Retail, CPG and Logistics

The last-mile delivery challenges and how to solve them

Picture this: You order a product of your choice through an eCommerce website. You wait in eager anticipation for the delivery of the product. However, there is an inordinate amount of delay in the delivery. How does that leave you feeling? Delays in last-mile deliveries leave customers frustrated. Unsurprisingly, these days customers are spoilt for choice, and are ready to shift loyalties to rival companies if their expectations are not met with regard to delivery standards.

We all know that the pandemic led to a huge increase in the volume of online purchases. As per the United Nations Conference on Trade and Development (UNCTAD), companies made sales worth $2.4 trillion in the year 2019. This figure rose sharply to $2.9 trillion, and a further one-third increase followed in 2021, taking total sales to $3.9 trillion (in current prices).

In e-commerce, last-mile delivery is the last step in delivering a product to its final destination. It involves moving the product from a warehouse (or transportation hub) to the buyer’s location. Of all the stages in the delivery of a product, the last-mile delivery is considered the most expensive and challenging.

While traffic congestion, rising fuel costs and inclement weather are factors that are top of mind for last-miledelivery challenges, there are other influences too that could impact retailers’ profitability.  Let’s consider a few of them.

Route Planning

Finding the best possible route for a delivery driver to follow while travelling from the warehouse to the destination for product delivery is a critical aspect of llast-miledelivery. Inefficiencies at this stage lead not only to delayed deliveries but also result in increased costs for the retailer.

Last mile delivery route optimisation is key to determining the most efficient route that can be taken for deliveries. Vehicle routing optimisation is an extremely complex problem that has challenged scientists and mathematicians over the years. Machine learning and artificial intelligence algorithms have stepped in to ease the problem. In addition, analytics technology helps with spotting trends, so adjustments in routing can be made before problems become unmanageable.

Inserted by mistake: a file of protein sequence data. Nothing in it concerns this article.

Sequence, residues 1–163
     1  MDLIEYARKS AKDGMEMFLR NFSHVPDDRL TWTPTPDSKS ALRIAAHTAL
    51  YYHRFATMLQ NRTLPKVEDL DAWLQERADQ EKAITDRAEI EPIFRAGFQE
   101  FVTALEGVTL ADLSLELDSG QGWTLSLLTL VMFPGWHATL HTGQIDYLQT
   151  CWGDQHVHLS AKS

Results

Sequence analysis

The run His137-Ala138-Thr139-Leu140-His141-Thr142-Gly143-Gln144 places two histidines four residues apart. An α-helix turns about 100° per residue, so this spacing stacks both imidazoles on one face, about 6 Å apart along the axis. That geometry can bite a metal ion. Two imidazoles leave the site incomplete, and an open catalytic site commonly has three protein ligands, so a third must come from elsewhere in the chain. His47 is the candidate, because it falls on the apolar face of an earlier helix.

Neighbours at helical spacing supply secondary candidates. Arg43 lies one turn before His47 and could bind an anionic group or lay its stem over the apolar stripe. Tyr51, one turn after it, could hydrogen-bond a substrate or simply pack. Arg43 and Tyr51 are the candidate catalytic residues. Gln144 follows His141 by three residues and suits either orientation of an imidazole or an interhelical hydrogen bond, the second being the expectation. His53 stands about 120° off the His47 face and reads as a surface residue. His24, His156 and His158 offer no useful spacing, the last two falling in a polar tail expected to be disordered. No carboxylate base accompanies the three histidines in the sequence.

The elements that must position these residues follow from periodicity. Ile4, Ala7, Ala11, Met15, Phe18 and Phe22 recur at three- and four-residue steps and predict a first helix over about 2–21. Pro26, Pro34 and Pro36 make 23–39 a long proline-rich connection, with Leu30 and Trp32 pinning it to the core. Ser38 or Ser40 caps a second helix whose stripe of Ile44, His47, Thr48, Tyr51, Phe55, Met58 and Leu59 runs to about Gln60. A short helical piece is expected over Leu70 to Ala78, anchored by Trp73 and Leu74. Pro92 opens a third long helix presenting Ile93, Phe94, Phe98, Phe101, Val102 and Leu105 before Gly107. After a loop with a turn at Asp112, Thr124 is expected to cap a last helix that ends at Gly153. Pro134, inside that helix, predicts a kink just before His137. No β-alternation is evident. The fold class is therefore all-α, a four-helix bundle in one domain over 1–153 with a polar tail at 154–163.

High cost of delivery

Retailers, in most cases, have no option but to absorb last mile delivery costs, since consumers tend to abandon online shopping carts if they see any unforeseen additional costs apart from the cost of the purchased product.

Fuel costs, cost of fleet operations and drivers’ salaries are some of the expenses in the last mile. Failed deliveries and management of returned products also add to cost pressures.

Meticulous planning, optimisation of routes, and embracing auto-dispatch technology are a few ways of optimising these last-mile costs.

Lack of transparency in last-mile delivery

After placing the order through an ecommerce website, customers are interested and even demand to know the progress of the delivery of their order. However, fleet managers often do not have any visibility into the location of the parcels and vehicles once they are out for the final delivery, resulting in gaps in communication and irate customers.

Therefore, a modern delivery tracking tool is absolutely needed for a logistics company. These tools enable fleet managers to track last-mile deliveries with ease and make well-informed decisions during unanticipated circumstances. It also provides fleet operators with deep insights regarding their fleets and drivers' performance. In addition, customers can be provided step-by-step status updates to ensure their enhanced satisfaction.

Use of outdated technology

The use of outdated technology in logistics in this day and age might seem like a remote possibility.  However, the fact of the matter is that several logistics companies still shy from using the latest technology. Even if they do adopt modern technology, it is often in the areas of warehouse management, thus short shifting last mile-delivery.  This leads to lost customers and missed opportunities.

The solution is straightforward. Bring in technology that digitalises key logistics operations, such as delivery tracking, dispatching, expected delivery time tracking, vehicle tracking and route planning. The IoT (Internet of things), RFID (Radio Frequency Identification) and enhanced GPS tracking are some of the latest technologies that are being used to improve logistics on an ongoing basis. 

To augment profits and reduce inefficiencies, companies have been compelled to focus on last-mile delivery logistics and optimise them. It is no longer a matter of choice, hence it is imperative that companies should attend to aspects such as improvement in route planning, reduced cost per delivery and increased asset utilisation by help of logistics process outsourcing for overcoming last-mile delivery challenges!

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